KIGALI, Rwanda -- Walking the streets of Rwanda's tidy capital, it's easy to forget that just 16 years have passed since this country's grisly genocide.
In this modern city of approximately 1 million, roads are smooth, sidewalks clean, and the crime, pollution and hassle of most African cities absent. Across Kigali, rising office towers reflect GDP growth that has averaged 8 percent over the last five years. In the countryside, though poverty remains rife, small-scale farmers have seen tangible benefits from the creation of cooperatives, increased use of fertilizers, a revival of the export coffee industry, and a unique system of terracing to prevent erosion of the country's sloping farmland. ...
To read the rest, sign up to try World Politics Review
- TWO WEEKS FREE.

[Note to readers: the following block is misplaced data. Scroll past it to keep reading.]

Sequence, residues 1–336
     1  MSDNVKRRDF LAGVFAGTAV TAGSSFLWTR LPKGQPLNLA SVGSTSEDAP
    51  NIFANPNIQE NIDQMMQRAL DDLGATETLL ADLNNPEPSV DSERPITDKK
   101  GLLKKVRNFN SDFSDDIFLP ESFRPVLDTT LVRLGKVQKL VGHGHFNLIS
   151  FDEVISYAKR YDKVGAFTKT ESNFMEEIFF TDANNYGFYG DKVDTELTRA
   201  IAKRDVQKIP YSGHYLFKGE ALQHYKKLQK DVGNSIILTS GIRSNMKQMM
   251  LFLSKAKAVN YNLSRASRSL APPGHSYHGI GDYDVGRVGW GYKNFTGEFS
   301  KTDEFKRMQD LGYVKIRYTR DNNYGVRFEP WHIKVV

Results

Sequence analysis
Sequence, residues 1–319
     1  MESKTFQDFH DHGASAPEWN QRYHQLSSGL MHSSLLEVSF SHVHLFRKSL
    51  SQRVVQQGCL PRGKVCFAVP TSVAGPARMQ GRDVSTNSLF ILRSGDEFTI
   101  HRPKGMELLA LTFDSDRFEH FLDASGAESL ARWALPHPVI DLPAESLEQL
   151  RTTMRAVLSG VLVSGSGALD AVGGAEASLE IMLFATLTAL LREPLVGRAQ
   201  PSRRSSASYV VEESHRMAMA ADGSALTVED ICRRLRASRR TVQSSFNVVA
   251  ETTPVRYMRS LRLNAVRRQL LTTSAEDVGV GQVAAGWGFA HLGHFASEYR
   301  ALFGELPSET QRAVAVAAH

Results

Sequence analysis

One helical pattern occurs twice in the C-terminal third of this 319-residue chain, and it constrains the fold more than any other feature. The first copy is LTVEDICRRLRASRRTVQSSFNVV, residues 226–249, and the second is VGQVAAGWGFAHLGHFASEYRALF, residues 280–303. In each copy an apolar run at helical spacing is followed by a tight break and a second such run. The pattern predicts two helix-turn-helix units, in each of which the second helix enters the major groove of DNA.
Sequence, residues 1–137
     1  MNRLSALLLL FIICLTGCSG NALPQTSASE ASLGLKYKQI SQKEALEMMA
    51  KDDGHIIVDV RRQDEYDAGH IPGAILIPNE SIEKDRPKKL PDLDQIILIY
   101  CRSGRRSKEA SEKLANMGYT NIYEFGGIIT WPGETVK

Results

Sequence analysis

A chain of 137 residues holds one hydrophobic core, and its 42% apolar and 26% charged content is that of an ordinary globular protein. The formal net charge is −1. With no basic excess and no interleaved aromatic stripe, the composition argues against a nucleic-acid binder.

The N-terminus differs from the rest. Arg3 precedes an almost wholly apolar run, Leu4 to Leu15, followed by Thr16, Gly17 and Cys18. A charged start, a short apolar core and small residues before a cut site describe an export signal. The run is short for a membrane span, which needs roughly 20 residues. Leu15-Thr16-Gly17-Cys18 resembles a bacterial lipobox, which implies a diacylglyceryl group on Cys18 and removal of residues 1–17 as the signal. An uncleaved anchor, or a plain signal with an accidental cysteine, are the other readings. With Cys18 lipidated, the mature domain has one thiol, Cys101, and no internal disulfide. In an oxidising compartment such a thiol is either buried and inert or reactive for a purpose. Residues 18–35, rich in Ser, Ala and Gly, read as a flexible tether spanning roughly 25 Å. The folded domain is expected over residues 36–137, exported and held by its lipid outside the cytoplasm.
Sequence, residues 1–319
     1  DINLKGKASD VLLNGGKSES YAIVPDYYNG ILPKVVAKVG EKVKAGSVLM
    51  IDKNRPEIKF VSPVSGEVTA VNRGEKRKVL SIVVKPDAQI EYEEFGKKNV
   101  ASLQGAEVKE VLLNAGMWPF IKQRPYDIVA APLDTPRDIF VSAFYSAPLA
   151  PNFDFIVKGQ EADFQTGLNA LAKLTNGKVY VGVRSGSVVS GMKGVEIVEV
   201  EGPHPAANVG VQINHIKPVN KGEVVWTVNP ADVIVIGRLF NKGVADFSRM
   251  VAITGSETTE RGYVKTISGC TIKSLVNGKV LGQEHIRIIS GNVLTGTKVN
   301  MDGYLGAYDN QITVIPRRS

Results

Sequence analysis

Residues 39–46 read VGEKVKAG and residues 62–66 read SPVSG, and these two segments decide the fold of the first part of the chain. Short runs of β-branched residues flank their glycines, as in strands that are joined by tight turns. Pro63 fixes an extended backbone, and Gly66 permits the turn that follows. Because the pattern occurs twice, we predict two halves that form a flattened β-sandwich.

- Cancel any time.
- After two weeks, just $11.99 monthly or $94.99/year.
Request a free trial for your office or school. Everyone at a given site can get access through our institutional subscriptions.
- Nigeria Beats Ebola, but Offers Little Leadership to West Africa
- Post-Election Mozambique Needs Stability to Maintain Development Path
- Diplomatic Fallout: Islamic State, Ebola’s Common Ally: Weak Crisis Response Mechanisms
- DRC’s Kabila Pursues Familiar African Post: President for Life
- Angola Modernizes Navy to Protect Maritime Resources